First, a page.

The Conference Committee feels this remodel provides a better conference experience for all participants, as well as long-term sustainability for our association.

Clara Bohrer, Chair

ALA Conference Committee

ALA Rethinking Annual Conference

Editor’s note: The following is a message from ALA Conference Committee Chair Clara N. Bohrer.

The ALA Conference Committee is seeking your assistance as we rethink the ALA Annual Conference, looking at member experience, conference-based collaboration and networking, learning and sustainability.

As an ALA Committee, we appreciate that the ALA Conference offers significant benefit to members:

  • It brings together librarians and library staff (across types of libraries and specializations), authors, editors, library trustees and friends, and library suppliers to share their best thinking, explore common issues from their distinctive perspectives, discuss emerging trends, and challenge assumptions that might otherwise stifle innovation.
  • The Conference provides an opportunity to showcase for new audiences the best work of ALA’s divisions, round tables, committees and partners: the latest research, the results of outstanding projects, successful models, innovative practices.
  • It offers a powerful platform to speak to the communities that our libraries serve, through conference-based advocacy work.
  • While ALA’s work goes on year-round, Annual Conference offers the face-to-face engagement that is often essential to addressing critical issues or resolving problems.
  • Regardless of type of library or specialization, the Conference offers an opportunity to develop and nourish each member’s unique national network.

Right now, the ALA Annual Conference offers 2,400-2,700 programs, discussion groups, meetings, and events in 350-370 concurrent meeting spaces. While this shows the vitality and amazing span of this field, we believe that it is necessary to do this in a more structured and efficient way. We know from post-conference surveys that attendees do not like the expansive, spread-out campus which requires running back and forth between multiple venues, consuming both time and personal energy. We know that attendees have a difficult time finding the most relevant content for their current needs because it gets buried in the volume and complexity of the Conference. We also know that using 350-370 rooms across a large campus is ultimately not a financially sustainable practice for our Association.

Our focus is the best possible conference experience for all participants, forward-focused innovation, and long-term sustainability for our association. So, we are seeking your collaboration with the ALA Conference Committee as we examine what we are currently doing, think about possible new opportunities, and explore new ways to collaborate. We will end up doing less of some things. We may end up doing some things we don’t currently do  — but would like to do.

The Committee has asked Mary Ghikas, ALA’s Senior Associate Executive Director, to develop a couple of different models, looking at three inventories:

  • The things we do at conferences – programs, discussion groups, meetings, special events.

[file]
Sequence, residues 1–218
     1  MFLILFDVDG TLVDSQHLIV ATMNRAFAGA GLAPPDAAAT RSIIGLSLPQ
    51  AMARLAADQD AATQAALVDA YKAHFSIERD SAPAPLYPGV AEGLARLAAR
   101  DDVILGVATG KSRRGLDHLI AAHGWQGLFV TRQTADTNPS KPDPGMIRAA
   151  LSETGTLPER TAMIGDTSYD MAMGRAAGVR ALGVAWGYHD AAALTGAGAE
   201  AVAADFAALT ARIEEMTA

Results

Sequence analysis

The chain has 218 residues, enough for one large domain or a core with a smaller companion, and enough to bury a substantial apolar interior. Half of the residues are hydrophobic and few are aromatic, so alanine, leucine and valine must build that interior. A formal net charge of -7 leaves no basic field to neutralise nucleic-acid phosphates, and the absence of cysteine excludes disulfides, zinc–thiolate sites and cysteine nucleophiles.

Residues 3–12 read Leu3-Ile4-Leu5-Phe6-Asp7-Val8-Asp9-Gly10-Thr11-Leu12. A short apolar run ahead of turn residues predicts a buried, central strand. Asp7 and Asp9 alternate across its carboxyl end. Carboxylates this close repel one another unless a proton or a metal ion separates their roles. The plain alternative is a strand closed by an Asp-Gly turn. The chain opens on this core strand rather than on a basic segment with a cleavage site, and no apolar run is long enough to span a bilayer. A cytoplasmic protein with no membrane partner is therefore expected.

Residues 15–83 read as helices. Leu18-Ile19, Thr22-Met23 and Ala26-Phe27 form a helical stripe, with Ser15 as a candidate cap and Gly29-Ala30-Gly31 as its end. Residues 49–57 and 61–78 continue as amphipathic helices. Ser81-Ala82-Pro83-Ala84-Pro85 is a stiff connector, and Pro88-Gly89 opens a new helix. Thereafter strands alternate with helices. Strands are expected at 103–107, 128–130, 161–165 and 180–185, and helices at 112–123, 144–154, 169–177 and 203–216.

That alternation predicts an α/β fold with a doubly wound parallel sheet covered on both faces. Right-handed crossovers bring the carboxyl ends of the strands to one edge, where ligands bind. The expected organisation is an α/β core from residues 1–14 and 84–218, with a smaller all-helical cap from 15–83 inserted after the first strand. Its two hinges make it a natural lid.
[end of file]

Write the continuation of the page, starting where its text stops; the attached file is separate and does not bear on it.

• The places we use at conferences – meeting rooms at both the convention center and hotels.
  • The conference schedule – the designated time periods for programs and other conference activities.

We are looking at reducing the “places” inventory from 350-370 to 200, which would have a significant and positive impact on the time that participants spend going from place to place. It will also require collaboration, imagination and open communication with each other. How can we more effectively coordinate and collaborate in conference content development? How might we coordinate discussion group schedules and improve access to these vital venues for peer-to-peer sharing and learning?  How can we reduce the schedule conflicts between meetings and programs and between programs and discussion groups within a related content stream?

It will be the task of the ALA Conference Committee to examine and discuss the models presented, to share and obtain input from across the Association on the models, and to select or modify a model for implementation at the 2018 Annual Conference in New Orleans and future annual conferences. The Committee’s structure is an asset in this process. The ALA Conference Committee has a representative composition, bringing together various stakeholders – from the broad ALA membership, from ALA Council and Executive Board, from Divisions, from Round Tables. The annually-appointed Conference Program Coordinating Team (CPCT), a subcommittee, is also representative, including someone from every division, as well as the Round Tables Coordinating Assembly. The CPCT will participate in rethinking the Annual Conference with the ALA Conference Committee and assist in obtaining feedback across the Association. Work will be done through space on ALA Connect, where proposed models will be posted, as well as at our face-to-face meetings at the ALA Midwinter Meeting and Annual Conference.

In the future, we will be asking for your feedback on models. We value your input. If you have any questions feel free to contact me.

Regards,

Clara N. Bohrer, Chair

ALA Conference Committee

2016 I Love My Librarian Award

I Love My Librarian logoNominations are open through September 19, 2016, for the I Love My Librarian Award. The award encourages library users — professors, administrators, students — to submit nominations about how their librarian makes a difference on campus or in the community.

Up to 10 librarians in public, school and college, community college and university libraries will be selected to win $5,000 and will be honored at a ceremony and reception in New York, hosted by Carnegie Corporation of New York. In addition, a plaque will be given to each award-winner’s library.

Nominate your favorite College, Community College, or University librarian today!

The award is supported by Carnegie Corporation of New York, The New York Public Library, and The New York Times.

1 2 3 9